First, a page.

Can you imagine how honored you’d feel to have a personal audience with a president or prime minister? What are the chances you’d say, “Sorry, I’m too busy. I can’t come”? No, you’d approach them with profound respect, observe every protocol and hang on every word. Well, you can have a personal audience each day with the King of Kings and He will speak to you personally through His Word. When you’re in love with someone, you want to spend every possible moment with them, delighting in what they have to say and responding to them from your heart. David said, “The law from your mouth is more precious to me than thousands of pieces of silver and gold” (Ps 119:72 NIV). Again he said, “Your promises have been thoroughly tested, and your servant loves them.” An unknown poet wrote: “Though the cover is worn and the pages are torn, and though places bear traces of tears. Yet more precious than gold is this book worn and old, that can shatter and scatter my fears. When I prayerfully look in this precious old book, as my eyes scan the pages I see; Many tokens of love from the Father above, Who is nearest and dearest to me. This old book is my guide, ’tis a friend by my side, it will lighten and brighten my way. And each promise I find soothes and gladdens my mind, as I read it and heed it today.” Whatever you have to sacrifice, whatever priorities you have to rearrange, read your Bible every day.
If you’ll spend anytime studying the Old & New Testament, you’ll find that anyone that did anything good for God, had critics. People that didn’t like them. When you allow those who know you the least to define you the most you’ll always be in a state of anxiety and fear.
Here are four simple truths to help you overcome the critics of your life.
01. SURROUND YOUR LIFE WITH GODLY MENTORS: If something in your life needs to be corrected, You need to trust in the fact that you’ve placed yourself in the right environments where Godly people who love and believe in you can speak truth, correction and encouragement to you.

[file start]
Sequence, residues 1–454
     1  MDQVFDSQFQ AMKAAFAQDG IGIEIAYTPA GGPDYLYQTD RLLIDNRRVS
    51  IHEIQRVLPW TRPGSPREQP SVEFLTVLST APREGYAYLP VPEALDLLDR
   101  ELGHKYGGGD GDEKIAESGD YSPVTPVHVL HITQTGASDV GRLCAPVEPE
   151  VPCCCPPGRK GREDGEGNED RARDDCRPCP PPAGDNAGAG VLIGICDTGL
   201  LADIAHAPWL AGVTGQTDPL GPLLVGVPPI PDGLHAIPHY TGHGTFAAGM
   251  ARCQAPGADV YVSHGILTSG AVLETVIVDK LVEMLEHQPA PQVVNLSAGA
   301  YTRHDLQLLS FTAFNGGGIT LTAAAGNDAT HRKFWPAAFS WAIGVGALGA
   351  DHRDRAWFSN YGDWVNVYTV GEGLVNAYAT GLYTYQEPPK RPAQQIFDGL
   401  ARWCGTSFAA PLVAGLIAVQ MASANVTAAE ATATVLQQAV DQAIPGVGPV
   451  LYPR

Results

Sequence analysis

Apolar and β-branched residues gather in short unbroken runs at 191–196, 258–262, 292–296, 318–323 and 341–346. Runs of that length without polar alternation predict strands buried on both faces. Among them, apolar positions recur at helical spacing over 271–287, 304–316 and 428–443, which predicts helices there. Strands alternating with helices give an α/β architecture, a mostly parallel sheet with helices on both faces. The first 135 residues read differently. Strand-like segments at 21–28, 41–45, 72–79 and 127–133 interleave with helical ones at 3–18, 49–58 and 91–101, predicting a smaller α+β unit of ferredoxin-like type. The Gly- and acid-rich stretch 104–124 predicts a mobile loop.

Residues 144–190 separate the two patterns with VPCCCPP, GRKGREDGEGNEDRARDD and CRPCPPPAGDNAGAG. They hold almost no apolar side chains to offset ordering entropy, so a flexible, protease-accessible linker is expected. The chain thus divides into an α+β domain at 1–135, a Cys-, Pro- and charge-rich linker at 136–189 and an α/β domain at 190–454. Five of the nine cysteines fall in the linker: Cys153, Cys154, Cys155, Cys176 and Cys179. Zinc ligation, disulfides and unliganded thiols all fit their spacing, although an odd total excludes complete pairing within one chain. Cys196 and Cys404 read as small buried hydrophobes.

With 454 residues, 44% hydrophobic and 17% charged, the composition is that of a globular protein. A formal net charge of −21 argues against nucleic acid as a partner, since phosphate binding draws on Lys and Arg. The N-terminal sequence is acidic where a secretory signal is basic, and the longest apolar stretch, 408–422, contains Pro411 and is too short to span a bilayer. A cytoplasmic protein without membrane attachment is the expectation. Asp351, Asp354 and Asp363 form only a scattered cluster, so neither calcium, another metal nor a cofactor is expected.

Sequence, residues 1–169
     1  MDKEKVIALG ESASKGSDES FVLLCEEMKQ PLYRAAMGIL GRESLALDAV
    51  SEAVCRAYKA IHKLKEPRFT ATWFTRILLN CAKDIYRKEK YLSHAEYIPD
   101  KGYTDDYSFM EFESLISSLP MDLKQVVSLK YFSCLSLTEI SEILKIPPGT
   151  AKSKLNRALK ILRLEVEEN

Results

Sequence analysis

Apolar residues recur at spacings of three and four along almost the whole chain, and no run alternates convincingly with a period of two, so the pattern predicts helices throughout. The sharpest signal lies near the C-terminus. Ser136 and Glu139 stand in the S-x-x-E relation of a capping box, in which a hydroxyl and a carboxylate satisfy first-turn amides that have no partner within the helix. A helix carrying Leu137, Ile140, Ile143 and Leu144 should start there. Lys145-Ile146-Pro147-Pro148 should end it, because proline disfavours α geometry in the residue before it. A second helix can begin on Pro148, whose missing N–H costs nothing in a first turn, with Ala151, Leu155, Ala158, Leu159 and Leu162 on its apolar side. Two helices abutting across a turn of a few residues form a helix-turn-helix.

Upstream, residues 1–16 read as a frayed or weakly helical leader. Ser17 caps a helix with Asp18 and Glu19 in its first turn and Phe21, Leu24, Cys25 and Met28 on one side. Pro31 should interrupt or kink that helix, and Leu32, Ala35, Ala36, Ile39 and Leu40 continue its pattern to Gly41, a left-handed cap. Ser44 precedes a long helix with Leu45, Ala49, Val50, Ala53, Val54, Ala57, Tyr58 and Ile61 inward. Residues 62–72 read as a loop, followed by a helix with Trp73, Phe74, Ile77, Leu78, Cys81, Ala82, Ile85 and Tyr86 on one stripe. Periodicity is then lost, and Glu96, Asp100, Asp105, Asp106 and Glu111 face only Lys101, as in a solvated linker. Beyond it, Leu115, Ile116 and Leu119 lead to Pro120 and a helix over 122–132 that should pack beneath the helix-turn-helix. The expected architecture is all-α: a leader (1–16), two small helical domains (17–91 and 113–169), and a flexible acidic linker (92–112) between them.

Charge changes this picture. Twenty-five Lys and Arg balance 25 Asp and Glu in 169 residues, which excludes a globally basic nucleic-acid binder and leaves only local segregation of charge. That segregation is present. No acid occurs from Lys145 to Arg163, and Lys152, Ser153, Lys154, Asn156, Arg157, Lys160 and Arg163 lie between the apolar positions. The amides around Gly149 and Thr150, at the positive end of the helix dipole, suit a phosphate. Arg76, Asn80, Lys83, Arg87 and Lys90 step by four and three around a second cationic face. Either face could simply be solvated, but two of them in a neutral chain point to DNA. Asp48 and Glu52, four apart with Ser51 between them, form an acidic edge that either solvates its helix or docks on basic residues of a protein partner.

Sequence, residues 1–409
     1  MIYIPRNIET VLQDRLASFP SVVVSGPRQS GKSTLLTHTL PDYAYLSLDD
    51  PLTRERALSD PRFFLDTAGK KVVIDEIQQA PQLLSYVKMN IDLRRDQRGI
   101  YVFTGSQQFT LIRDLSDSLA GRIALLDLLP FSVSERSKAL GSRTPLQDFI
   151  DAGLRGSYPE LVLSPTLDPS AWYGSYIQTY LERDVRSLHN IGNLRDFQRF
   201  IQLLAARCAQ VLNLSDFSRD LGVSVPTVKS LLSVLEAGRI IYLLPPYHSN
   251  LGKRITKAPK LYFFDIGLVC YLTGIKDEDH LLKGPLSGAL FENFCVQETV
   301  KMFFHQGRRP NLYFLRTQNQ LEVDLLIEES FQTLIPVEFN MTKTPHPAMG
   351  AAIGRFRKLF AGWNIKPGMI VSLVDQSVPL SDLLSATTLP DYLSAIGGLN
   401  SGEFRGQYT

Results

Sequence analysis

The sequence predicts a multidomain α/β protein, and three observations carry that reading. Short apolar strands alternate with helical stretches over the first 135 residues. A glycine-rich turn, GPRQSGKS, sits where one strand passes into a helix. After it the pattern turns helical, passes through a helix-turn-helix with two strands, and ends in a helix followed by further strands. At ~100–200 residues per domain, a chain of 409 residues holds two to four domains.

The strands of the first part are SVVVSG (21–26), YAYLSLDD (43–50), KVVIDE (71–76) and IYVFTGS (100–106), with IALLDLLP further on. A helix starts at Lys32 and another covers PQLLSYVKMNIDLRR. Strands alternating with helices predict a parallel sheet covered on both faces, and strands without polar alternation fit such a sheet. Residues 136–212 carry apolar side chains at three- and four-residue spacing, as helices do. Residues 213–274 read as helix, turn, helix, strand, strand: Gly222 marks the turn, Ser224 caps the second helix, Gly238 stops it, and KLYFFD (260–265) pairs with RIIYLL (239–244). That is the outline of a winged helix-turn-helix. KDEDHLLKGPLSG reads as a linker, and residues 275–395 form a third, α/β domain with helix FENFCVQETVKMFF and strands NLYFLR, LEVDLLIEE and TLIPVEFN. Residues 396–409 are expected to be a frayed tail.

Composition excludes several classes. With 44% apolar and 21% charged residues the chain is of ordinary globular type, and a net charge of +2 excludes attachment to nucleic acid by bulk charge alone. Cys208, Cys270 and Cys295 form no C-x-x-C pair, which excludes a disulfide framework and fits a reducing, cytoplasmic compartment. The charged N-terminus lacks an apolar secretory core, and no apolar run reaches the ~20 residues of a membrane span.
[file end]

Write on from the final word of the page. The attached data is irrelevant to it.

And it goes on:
02. MAINTAIN A TEACHABLE HEART: Correction and Coaching is always accepted. Correction is always meant to build up. However criticism is when you’re going after someone, and you’re not trying to resolve anything. You’re simply trying to tear down.
03. LEARN THE ART OF CHANGING YOUR FOCUS: Our feelings follow our focus. – If they’re on the negative things that’s how you’re going to feel. Instead focus on God’s goodness. Turn your eyes on Jesus.
04. STAY ON ASSIGNMENT: In the end, our job as Christians is to love God and love people. Don’t let the enemies attack on you distract you from that calling. Have the heart of a teddy bear and the skin of a rhinoceros.
“Let us love one another, for love comes from God.” 1Jn 4:7 NIV
While the Bible clearly teaches self-worth, it also denounces self-interest. When Jesus was asked what the greatest commandment was, He said that we were to love God with all our hearts, and love others with the same concern that we show for ourselves (See Mk 12:30-31). When we obsess over ourselves, we lose the meaning of life, which is to love and serve God, and love and serve our neighbors. In a 2003 report, Hardwired to Connect, thirty-three research scientists discovered that we are biologically primed to find meaning through relationships. Chuck Colson said: “After nearly eight decades of living, I can vouch for this. My single greatest joy is giving myself to others and seeing them grow in return. You cannot discover that without commitment. I first learned it by watching my parents care for my dying grandparents in our home…l later saw it in the Marine Corps. You cannot command forty-five men to go into combat, as I was trained to do, if you aren’t committed to one another. You are going to die if the man next to you does not cover your back…By abandoning commitment, our narcissistic culture has lost the one thing it desperately seeks: happiness. Without commitment, our individual lives will be barren and sterile. Without commitment, our lives will lack meaning and purpose. After all, if nothing is worth dying for, then nothing is worth living for. Jesus taught that the only way to live abundantly is to die to self-interest and give yourself fully to God, and to those who need what God has given you.”